Canada's oilsands outpace carbon emissions of European countries
Posted: 17 September 2009
Concern about the continuing exploitation of Canada's oilsands, the biggest and most polluting fossil fuel energy project in the world, has grown in anticipation of the meeting this week of Canadian premier Stephen Harper and President Obama in Washington. It coincides with a new report from Greenpeace to be released on Monday which will show that Alberta's oilsands produce more greenhouse gas emissions than some European countries right now and will produce more than all of the world's volcanoes in just 11 years if the pace of development continues.
Writing for The Canadian Press agency, Mary Jo Laforest, says the report, entitled "Dirty - How the tar sands are fuelling global climate change" was commissioned by Greenpeace from Andrew Nikiforuk, a business and environmental reporter. "Nobody in Canada wants to talk about the scale issues," he told Laforest in an interview on Saturday.
According to Laforest the report documents the "real" cost of the oilsands, which Nikiforuk says is the world's largest energy project.
"The major energy projects in the Middle East... they don't come anywhere near - none of them approach the scale and capital intensity of the oilsands."
The report says almost $200 billion has been or will be invested in the projects in northern Alberta, and that includes not only the oilsands, but pipelines, refinery expansions and other associated infrastructure.
It adds that the liabilities are a nearly threefold increase in greenhouse gas emissions, enormous amounts of natural gas used and wasted to produce synthetic oil from bitumen - which consists of tarry pitch, or asphalt - and the "economic nightmare" of carbon capture and storage, a technology that has yet to be developed.
In a separate Op-Ed published by the Toronto Star James Hansen,the world-renowned climatologist and adjunct professor at Columbia University, spelt out Canada's abysmal record on climate change and pleaded for Canadians to make their environmental concerns loud and clear. He writes:
In 1988, when I addressed the U.S. Congress on the dangers of global warming, I warned leaders that it was time to stop waffling. Humans were changing the climate in new and dangerous ways and we needed to take action. At the time, I knew we could expect stiff resistance from the usual suspects, but if you had told me that 20 years later, one of the most stubborn holdouts would be a self-interested Canada, I wouldn't have believed you.
That's because then, as now, Canadians are a compassionate people, concerned about the environment and the role their government plays on the international stage. And yet, there are few countries I can think of that have done more to undermine international efforts to fight climate change in recent years, than Canada. The evidence is easy to find:
In California, as recently as April of this year, Minister of Natural Resources Lisa Raitt personally lobbied the governor of California to oppose a law that would curb California's appetite for carbon-intensive fuels, and would dramatically reduce greenhouse gas emissions.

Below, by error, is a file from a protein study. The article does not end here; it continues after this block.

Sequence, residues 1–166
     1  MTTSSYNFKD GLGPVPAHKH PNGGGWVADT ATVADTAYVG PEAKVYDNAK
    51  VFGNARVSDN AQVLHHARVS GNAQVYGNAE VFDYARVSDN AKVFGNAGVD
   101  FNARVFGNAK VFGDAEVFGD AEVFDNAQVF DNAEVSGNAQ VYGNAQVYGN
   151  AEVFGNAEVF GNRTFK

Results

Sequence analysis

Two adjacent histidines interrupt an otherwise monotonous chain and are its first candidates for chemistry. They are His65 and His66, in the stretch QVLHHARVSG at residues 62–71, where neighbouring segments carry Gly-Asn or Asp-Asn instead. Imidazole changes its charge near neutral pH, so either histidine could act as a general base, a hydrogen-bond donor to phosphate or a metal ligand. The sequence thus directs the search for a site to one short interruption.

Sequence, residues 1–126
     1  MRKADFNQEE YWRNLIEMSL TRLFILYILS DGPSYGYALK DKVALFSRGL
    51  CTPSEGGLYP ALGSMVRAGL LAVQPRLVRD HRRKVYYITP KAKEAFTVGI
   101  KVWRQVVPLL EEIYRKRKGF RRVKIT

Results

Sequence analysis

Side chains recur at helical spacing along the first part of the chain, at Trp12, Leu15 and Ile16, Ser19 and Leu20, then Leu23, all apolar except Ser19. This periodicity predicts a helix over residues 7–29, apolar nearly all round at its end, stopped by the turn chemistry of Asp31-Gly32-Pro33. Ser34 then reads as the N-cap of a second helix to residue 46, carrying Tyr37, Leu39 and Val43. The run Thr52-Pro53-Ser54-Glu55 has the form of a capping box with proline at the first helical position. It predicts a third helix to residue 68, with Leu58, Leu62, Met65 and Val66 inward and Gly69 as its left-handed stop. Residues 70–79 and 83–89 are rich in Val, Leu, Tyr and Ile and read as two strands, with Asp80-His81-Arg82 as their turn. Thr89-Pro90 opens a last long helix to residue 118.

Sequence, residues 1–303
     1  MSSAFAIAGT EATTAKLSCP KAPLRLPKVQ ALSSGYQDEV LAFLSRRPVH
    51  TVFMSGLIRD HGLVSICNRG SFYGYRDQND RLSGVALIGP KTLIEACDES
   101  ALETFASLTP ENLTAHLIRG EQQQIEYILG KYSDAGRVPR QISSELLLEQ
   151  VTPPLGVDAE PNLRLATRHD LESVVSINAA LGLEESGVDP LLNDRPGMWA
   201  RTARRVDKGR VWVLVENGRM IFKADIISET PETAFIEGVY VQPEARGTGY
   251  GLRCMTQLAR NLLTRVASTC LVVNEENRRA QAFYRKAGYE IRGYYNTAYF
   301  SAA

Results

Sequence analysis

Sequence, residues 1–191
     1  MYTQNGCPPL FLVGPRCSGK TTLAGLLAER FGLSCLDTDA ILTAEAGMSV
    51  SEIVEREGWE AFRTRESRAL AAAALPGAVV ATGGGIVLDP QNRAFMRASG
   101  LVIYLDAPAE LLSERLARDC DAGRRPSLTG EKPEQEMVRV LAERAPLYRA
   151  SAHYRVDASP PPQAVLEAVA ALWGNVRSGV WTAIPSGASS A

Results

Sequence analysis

In Bali, Indonesia, Canadian officials worked behind the scenes to scuttle a potential climate deal by insisting that developing countries make emission cuts they couldn't afford to make. This, while the tiny island nation of Tuvalu, home to some of the world's first climate refugees, was pleading its case to the international community.
Further afield, in Bonn, Germany, Canada recently refused to join the International Renewable Energy Agency (IRENA) whose membership includes almost every developed nation, including the United States, and whose stated goal is: "... promoting the adoption of renewable energy worldwide."
In your own backyard, 74 per cent of Canadians believe the government should do more to protect the environment (Harris/Decima, Aug. 23, 2009), and yet this past month, Environment Minister Jim Prentice made a pitch for a pipeline project to send tar sands oil from Alberta to British Columbia, where it would be loaded onto supertankers and shipped to Asia, all in a bid to avoid North American climate regulations and to, in his words, "keep the market honest."
There's a small price for being too early, but a huge penalty for being too late when it comes to fighting climate change. The huge penalty, in Canada's case, ranges from species extinction and extreme weather events, such as raging forest fires and tornadoes, to losses in agricultural productivity and new security threats posed by terrorism and the prospect of climate refugees.
When Prime Minister Stephen Harper meets with President Barack Obama in Washington this week to discuss clean energy and climate, I hope the Canadian public and media keep him honest. Close attention should be paid to any special treatment Harper attempts to gain for Canada's tar sands, your country's fastest growing source of greenhouse gas emissions, and a problematic industry linked to serious environmental degradation and human health issues. If he's still lobbying for "intensity targets," or pitting one part of the country against the other under a hard cap, you'll know he's stalling.
When it comes to fighting climate change, the will of Canadians is clear. The world is waiting to hear your voice and to see your country take action. You just need a government that's willing to actually represent you, free of distortion, beholden to no other special interest besides the best interest of Canadians.
That's true leadership, and in the climate era, it's a prerequisite for survival.
James Hansen is the 2009 recipient of the Carl-Gustaf Rossby Research Medal, the highest honour bestowed by the American Meteorological Society.
Source: The Canadian Press (12 September 2009) Toronto Star (16 September 2009)
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